Putting all the madness aside, Johnny Manziel recently suffered what’s called in the sports medicine world a Monday Morning concussion. With this type of head injury, a player who takes a hard hit during a game — whether it be football, lacrosse or soccer — his symptoms may take 24 to 48 hours to present […]
Last week, I had the opportunity to watch the Boston premiere of Concussion with other sports medicine specialists from coast to coast. The movie depicts the controversial story of Dr. Bennet Omalu, played by Will Smith, who performed brain biopsies on former NFL players and discovered neurological deterioration due to repeated head injuries. He published […]
Just last week, 2 doctors from the University of Minnesota released a preprinting of an article in the American Journal of Bioethics boldly calling for all public high schools to discontinue their tackle football programs. Though they stated the number of deaths and catastrophic injuries continue to decline, they fear the long-term cognitive effects of […]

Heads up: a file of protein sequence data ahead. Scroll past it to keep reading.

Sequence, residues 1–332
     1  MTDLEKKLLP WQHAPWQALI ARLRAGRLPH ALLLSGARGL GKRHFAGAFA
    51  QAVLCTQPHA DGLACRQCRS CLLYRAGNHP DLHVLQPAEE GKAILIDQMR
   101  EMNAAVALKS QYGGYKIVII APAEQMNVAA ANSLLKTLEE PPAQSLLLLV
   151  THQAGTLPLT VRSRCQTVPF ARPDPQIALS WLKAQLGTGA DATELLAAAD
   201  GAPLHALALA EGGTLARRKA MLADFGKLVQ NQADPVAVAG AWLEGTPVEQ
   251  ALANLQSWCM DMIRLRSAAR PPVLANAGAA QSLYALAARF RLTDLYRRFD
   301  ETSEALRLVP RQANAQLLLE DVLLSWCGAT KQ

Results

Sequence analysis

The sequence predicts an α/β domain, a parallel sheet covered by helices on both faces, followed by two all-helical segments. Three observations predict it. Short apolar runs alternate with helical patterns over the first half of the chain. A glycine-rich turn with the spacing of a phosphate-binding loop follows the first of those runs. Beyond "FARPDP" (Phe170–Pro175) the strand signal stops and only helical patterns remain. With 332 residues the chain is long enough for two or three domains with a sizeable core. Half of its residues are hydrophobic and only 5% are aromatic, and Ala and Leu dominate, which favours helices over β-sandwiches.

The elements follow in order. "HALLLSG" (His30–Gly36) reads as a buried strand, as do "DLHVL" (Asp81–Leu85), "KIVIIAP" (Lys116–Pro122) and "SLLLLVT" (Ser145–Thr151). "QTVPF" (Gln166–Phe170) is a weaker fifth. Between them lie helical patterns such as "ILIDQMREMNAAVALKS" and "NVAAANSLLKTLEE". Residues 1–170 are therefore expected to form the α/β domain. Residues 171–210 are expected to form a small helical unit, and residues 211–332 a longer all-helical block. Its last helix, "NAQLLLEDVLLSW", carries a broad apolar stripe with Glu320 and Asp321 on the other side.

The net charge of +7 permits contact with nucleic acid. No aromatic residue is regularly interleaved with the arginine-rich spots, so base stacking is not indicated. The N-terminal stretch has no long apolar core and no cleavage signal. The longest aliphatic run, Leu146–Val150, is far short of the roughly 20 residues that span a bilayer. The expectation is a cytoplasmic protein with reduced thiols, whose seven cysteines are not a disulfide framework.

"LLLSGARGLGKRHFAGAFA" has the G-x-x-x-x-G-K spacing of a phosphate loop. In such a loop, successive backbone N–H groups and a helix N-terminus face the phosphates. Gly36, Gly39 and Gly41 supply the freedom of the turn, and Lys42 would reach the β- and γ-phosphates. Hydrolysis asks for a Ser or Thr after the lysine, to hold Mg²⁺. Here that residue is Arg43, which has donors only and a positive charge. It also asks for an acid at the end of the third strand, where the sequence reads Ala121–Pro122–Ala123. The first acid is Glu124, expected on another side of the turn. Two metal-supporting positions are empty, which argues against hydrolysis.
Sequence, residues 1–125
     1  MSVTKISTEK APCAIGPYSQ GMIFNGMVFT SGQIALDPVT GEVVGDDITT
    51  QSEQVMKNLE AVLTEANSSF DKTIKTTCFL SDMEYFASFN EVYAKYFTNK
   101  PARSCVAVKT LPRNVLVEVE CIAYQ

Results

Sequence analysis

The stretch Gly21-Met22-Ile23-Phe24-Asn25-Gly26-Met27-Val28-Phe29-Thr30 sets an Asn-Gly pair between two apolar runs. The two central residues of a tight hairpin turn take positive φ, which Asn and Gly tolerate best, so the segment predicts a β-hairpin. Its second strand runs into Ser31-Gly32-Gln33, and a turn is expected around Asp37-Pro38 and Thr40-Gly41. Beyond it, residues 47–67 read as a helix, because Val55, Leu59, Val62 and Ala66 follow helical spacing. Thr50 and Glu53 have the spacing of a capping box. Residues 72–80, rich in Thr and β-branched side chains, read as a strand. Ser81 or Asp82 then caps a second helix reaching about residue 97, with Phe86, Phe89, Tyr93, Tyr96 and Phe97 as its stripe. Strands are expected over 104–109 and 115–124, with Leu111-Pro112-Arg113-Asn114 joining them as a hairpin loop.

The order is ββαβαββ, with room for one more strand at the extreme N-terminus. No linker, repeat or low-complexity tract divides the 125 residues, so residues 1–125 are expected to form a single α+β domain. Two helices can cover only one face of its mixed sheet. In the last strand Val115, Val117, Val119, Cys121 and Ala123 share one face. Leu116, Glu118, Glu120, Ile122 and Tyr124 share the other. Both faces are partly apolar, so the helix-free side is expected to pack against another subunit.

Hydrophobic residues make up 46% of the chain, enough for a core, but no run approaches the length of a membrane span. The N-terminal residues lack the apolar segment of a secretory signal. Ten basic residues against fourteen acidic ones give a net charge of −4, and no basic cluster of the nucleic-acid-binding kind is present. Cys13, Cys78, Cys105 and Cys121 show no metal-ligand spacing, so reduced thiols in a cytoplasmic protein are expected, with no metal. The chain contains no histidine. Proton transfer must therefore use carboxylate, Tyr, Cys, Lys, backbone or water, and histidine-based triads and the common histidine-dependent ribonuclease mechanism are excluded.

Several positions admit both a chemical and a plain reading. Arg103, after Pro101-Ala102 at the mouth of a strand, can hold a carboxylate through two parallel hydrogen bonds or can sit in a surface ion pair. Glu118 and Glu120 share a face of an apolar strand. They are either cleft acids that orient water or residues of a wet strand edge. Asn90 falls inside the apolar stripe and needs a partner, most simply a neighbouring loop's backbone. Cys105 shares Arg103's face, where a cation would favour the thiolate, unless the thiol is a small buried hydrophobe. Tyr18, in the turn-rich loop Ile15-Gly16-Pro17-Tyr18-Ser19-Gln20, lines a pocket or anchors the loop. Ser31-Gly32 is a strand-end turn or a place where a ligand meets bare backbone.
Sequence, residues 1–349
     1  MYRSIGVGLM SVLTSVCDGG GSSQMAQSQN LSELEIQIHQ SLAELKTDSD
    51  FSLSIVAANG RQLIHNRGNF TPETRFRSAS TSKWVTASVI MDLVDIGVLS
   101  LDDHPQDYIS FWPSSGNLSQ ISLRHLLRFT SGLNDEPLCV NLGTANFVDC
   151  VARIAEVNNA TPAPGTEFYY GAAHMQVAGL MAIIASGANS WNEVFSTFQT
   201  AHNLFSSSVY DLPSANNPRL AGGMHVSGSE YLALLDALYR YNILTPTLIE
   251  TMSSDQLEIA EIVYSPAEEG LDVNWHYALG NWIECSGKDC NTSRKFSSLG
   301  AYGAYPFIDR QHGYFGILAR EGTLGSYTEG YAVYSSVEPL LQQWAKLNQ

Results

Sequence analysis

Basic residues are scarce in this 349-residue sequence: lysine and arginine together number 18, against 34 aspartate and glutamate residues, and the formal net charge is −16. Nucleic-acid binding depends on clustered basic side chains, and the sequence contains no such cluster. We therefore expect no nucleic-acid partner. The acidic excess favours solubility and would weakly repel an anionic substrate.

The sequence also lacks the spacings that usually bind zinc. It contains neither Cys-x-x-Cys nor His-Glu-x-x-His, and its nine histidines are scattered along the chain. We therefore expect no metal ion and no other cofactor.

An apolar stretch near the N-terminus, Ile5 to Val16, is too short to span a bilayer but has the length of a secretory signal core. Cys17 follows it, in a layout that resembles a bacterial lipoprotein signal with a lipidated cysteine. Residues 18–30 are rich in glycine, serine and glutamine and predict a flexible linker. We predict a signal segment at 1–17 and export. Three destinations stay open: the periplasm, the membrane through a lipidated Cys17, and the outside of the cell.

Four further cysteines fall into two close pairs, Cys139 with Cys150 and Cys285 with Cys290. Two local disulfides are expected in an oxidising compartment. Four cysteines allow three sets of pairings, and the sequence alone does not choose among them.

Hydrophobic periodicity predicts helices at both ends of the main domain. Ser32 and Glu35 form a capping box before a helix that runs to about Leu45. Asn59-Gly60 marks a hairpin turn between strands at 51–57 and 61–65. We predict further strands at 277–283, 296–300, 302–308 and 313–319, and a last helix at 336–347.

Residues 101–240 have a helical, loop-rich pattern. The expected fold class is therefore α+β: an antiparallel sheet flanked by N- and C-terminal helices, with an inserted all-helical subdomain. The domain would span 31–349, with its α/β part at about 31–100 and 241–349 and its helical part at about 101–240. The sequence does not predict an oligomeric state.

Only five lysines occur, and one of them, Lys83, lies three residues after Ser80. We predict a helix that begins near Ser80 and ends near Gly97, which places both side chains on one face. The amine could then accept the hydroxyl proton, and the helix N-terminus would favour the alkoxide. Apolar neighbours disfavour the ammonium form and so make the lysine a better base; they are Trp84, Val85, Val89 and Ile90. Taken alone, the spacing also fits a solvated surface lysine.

Concussions continue to be a major topic not only in professional sports, but also now in the college and high school ranks. So, why are we focusing so much on concussion?
There’s now evidence to show that concussions can sometimes cause irreversible changes to the brain. So what was once thought of as a minor, short-term injury has become a much bigger deal due to concussion’s long-term effects.
New research came out recently that’s stirring the pot as to when kids should start heading the ball in soccer. The fierce debate has cut the medical field right down the middle.
I love this time of year as a pediatrician because I get to see so many athletes for their sports physical. It’s fun to see their excitement and passion for their sport. As a pediatrician for 19 years in the same community, I have seen so many of these teens grow up and it brings me joy to see them happy, healthy and exercising.